Modern Heterocyclic Chemistry
Modern Heterocyclic Chemistry or a heterocyclic substance with a band framework is a cyclic substance that has atoms of at least two different components as associates of its rings. Modern Heterocyclic Chemistry mainly deals with the study of heterocyclic compounds it is used in the development and increasing the relevant biological targets (enzymes, modulators).
Modern Inorganic Chemistry
Modern Inorganic Chemistry deals with the study of the features and actions of inorganic and organometallic substances. Modern Inorganic Chemistry includes all substance products except the variety natural substances (carbon based substances, usually containing C-H bonds), which are the topics of natural substance make up. Modern Inorganic Chemistry has programs in every part of the substance industry–including catalysis, materials technology, pigmentation, surfactants, coverings, medication, energy, and farming.
Modern Nuclear Chemistry
Modern Nuclear Chemistry is the study of physics and chemistry of heaviest elements their nuclear properties such as structure, reaction radioactive decay. Modern Nuclear Chemistry deals with atomic process such as ionization, x-ray emission, nuclear nomenclature, survey of nuclear decay types, nuclear chemistry.
Modern Organometallic Chemistry
Modern Organometallic Chemistry is the study of substance products containing at least one connection between an atom as well as atom of a natural substance and a steel. Organometallic substance make up brings together factors of inorganic substance make up and natural substance make up. Organometallic substances are commonly used in homogeneous catalysis. The term "metalorganics" usually represents metal-containing substances missing direct metal-carbon ties but which contain natural ligands. Metal beta-diketonates, alkoxides, and dialkylamides are associate members of this modern organometallic chemistry class.
Modern Physical Organic Chemistry
Modern Physical Organic Chemistry is mainly focused on the chemical structures and their reactivity to study their organic molecules which include the study of their rates and reactions. Modern Physical Organic Chemistry has wide applications in chemical biology, bioorganic chemistry , electro-photochemistry , polymer, supramolecular chemistry, nanotechnology and drug discovery.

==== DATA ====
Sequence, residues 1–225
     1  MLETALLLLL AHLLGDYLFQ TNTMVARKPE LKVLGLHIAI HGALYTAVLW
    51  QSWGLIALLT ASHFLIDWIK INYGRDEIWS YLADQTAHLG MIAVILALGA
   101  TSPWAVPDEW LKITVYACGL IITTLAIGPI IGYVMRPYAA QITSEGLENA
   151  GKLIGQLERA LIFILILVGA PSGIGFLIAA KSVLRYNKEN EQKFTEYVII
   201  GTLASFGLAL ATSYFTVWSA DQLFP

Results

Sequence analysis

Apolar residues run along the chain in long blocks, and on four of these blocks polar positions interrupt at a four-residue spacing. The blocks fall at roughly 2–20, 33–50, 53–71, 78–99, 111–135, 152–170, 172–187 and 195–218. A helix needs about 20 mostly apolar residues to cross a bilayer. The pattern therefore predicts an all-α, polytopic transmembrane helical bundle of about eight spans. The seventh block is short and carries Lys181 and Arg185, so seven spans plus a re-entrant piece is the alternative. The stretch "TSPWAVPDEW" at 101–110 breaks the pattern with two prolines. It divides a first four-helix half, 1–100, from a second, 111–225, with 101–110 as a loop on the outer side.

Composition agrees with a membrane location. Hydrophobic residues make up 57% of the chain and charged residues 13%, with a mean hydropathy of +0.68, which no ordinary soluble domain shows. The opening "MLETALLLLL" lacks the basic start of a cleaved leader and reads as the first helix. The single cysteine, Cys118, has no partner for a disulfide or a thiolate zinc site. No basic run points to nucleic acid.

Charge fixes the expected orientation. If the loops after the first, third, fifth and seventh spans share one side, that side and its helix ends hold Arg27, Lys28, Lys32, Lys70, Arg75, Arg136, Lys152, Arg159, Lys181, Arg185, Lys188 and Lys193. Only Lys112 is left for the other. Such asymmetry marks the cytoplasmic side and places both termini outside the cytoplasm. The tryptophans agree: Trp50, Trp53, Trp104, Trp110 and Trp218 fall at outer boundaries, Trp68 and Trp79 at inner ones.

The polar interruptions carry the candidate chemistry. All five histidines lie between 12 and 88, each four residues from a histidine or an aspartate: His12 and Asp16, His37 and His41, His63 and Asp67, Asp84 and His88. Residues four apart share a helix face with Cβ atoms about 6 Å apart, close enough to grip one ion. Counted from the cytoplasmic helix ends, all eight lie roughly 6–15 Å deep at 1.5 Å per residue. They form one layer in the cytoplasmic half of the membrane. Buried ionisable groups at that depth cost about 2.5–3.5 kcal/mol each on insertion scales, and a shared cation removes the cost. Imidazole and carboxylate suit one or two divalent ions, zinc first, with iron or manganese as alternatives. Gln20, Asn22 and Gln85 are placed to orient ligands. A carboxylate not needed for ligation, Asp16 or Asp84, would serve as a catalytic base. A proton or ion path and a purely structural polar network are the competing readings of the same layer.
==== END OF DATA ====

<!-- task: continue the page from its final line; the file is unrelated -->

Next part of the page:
Modern Stoichiochemistry is established on the law of preservation of huge where the complete huge of the reactants is equal to the complete huge of the items resulting in the understanding that the interaction among quantities of reactants and items generally type a rate of beneficial integers. Modern Stoichiochemistry studies the kinetics and Stoichiochemistry of the transition from the primary to secondary peroxidase. A hypothesis formulated that the Stoichiochemistry of regularity gene was influential in modulating the levels of expression of the targeted genus.
Modern Theoretical Chemistry
Modern Theoretical Chemistry looks for to offer details to substance and physical findings. Modern Theoretical Chemistry make up has the essential rules of science such as Coulomb's law, Kinetic power, Potential power, the virial theorem, Planck's Law, Pauli exemption concept and many others to describe but also estimate substance noticed phenomena. In order to describe a statement one has to choose the "right level of theory".
- Track 15-1Innovations in Mass Spectrometry techniques
- Track 15-2Mass Spectrometry Imaging approaches and applications
- Track 15-3Ion Mobility Spectrometry
- Track 15-4Current Brain Research with NMR Spectroscopy
- Track 15-5Advances in Chromatography and Crystallography
- Track 15-6Crystal Lattices
- Track 15-7Advanced Trends in Organic Chemistry
- Track 15-8Modern Organic Chemistry and Applications
- Track 15-9Structural Effects in Organic Electrochemistry
- Track 15-10Structural Biochemistry and Crystallography
- Track 15-11Coordination & Crystallographic Defects
- Track 15-12Macromolecular structure and function
- Track 15-13Polymer Chemistry
- Track 15-14Material Chemistry for Electrochemical capacitors
- Track 15-15Materials Synthesis